A second in one-hundred days: insanity or genius?

This post was written by Rory McEvoy

In 1775 John Harrison made a critical remark about Graham’s dead beat escapement, saying, of George Graham, that '…either he must be out of his Senses, or I must be so!'

Later in the same publication he stated of his own clock that '…there must be then more reason…that it shall perform to a second in 100 days…than that Mr Graham’s should perform to a second in 1.'

Keeping time consistently to within one second in 100 days was a degree of accuracy not achieved until around a century and a half later by mechanical clocks such as Shortt’s free pendulum system.

Harrison published his remarks in a vitriolic and virtually impenetrable book, the manuscript and transcriptions of which are freely accessible online.

On reading the book, which contains scattered descriptions of his method, the celebrated watchmaker Thomas Mudge, stated of Harrison that the book’s contents had '…lessened him very much in my esteem…' and that '…there are several things which he says about Mr Graham’s pallets and pendulum that are absolutely false…'.

The London Review of English and Foreign Literature described the work as 'one of the most unaccountable productions we ever met with' and went on to say that 'every page of this performance bears marks of incoherence and absurdity, little short of the symptoms of insanity'.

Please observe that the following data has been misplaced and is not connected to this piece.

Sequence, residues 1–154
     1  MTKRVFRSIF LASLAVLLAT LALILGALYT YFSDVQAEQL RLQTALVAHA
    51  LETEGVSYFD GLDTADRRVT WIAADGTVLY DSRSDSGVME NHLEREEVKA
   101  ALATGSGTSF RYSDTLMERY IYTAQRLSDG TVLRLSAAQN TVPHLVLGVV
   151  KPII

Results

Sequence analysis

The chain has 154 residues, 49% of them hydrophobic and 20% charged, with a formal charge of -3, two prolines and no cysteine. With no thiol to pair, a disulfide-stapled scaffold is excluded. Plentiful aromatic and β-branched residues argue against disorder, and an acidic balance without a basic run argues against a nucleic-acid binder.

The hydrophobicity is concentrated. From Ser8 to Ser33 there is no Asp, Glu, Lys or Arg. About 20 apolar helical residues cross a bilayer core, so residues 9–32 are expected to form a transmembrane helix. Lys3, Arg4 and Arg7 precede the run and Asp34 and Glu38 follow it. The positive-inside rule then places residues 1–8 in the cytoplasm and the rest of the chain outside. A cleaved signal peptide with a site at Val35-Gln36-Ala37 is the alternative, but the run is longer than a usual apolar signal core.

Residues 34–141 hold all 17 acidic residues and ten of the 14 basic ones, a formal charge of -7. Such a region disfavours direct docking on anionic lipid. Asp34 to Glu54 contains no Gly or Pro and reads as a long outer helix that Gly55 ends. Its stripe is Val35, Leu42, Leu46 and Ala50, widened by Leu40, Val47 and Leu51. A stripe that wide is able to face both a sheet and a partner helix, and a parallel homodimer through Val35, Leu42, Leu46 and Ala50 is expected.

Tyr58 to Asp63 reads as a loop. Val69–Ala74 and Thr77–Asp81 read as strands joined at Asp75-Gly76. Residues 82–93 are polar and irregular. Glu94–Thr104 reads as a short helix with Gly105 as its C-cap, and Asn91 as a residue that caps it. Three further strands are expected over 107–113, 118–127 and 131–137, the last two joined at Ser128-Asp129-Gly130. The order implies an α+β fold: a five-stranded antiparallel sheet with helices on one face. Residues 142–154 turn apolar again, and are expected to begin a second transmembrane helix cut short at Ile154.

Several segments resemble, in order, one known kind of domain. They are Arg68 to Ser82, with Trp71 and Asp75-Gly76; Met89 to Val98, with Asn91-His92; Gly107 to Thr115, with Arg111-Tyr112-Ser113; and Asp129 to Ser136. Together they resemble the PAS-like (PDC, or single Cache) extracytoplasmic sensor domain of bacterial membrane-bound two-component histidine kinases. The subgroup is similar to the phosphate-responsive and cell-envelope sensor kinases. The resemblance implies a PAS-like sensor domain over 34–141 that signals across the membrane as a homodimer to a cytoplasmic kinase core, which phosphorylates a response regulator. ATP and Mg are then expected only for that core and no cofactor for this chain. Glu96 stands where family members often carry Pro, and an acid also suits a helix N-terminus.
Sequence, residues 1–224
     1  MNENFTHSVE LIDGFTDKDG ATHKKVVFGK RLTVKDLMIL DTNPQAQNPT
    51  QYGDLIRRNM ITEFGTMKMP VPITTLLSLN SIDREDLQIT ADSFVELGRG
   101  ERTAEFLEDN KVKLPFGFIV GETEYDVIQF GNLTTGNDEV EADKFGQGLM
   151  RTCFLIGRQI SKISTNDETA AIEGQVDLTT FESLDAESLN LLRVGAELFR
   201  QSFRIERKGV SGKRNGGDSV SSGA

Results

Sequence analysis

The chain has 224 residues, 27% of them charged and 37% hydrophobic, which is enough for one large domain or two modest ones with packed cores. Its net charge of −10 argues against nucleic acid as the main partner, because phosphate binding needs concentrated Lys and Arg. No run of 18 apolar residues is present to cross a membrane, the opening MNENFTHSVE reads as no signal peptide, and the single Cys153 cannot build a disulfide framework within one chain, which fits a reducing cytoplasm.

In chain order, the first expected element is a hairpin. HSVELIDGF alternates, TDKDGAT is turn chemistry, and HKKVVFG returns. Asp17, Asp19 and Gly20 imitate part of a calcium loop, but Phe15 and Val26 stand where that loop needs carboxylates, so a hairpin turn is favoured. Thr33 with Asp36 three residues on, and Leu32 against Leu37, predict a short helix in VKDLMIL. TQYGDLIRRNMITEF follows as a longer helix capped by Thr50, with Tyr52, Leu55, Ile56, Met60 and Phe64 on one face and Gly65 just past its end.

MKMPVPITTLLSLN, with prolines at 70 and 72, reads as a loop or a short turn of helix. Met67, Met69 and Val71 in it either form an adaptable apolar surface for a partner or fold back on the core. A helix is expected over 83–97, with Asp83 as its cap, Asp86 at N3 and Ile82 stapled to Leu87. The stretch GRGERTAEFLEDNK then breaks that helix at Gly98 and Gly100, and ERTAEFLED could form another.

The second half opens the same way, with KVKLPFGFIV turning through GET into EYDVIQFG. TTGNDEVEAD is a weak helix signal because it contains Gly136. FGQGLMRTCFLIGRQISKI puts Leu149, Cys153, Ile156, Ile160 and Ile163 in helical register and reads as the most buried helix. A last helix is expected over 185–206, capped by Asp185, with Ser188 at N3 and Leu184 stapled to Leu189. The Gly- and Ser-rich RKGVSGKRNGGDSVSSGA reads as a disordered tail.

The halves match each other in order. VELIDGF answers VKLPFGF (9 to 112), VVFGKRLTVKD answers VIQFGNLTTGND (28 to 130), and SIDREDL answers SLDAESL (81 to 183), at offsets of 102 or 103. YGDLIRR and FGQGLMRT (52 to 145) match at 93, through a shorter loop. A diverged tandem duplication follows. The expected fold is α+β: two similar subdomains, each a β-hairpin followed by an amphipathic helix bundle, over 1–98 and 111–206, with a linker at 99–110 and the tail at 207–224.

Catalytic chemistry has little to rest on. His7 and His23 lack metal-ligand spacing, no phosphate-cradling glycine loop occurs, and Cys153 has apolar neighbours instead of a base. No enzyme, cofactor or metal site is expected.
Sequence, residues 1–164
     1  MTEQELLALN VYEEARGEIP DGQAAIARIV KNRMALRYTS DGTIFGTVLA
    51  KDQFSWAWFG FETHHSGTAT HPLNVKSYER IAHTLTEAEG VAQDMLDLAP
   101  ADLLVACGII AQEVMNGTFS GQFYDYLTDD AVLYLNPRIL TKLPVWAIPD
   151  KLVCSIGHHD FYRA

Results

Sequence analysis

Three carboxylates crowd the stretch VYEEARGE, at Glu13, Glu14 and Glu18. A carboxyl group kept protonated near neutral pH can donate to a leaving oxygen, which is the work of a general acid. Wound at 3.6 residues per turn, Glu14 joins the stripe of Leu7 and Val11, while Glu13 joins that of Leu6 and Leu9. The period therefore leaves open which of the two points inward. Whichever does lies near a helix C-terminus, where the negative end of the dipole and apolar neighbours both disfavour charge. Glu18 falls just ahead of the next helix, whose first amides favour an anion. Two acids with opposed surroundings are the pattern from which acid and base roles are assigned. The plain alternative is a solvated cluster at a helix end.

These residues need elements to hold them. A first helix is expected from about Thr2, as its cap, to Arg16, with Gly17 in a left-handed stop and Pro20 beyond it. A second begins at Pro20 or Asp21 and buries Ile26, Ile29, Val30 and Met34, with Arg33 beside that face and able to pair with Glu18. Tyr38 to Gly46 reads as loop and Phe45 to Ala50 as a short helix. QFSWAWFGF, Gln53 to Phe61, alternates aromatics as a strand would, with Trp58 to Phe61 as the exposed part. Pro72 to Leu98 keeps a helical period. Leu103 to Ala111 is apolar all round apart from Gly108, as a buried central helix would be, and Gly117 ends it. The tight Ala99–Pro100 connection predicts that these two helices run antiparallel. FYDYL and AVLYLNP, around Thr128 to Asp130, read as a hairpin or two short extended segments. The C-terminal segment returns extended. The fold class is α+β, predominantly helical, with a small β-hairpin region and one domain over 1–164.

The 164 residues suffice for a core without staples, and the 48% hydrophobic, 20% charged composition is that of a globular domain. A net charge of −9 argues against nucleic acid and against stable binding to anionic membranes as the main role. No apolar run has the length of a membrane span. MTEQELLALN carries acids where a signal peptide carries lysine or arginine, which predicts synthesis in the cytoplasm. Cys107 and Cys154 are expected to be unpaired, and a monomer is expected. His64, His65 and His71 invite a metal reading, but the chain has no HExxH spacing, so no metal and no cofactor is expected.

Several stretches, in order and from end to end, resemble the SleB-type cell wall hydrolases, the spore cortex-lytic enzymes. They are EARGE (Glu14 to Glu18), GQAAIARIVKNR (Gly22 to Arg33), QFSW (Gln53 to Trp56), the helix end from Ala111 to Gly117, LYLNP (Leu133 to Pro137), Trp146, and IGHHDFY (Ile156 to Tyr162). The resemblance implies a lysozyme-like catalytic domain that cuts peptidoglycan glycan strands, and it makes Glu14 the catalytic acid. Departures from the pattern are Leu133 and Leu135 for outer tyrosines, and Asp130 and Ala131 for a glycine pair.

Harrison’s words were not taken seriously by any of his contemporaries and his radical statement about the capabilities of his pendulum clock, with its large pendulum arc, relatively light bob, and recoil grasshopper escapement, remained largely unexplored until the 20th century.

Then, in 1977, a number of horological scholars, who became known as The Harrison Research Group, began to look at his theories afresh.

Martin Burgess’ Clock B is a product of this collaborative research and represents one of the most significant historio-technical investigations in recent years. Recently, numerous experiments have been tried on the clock at the Royal Observatory, Greenwich with exciting results.

To learn more about this intriguing project please join us for a special one-day conference on July 12 2014 at the NMM.

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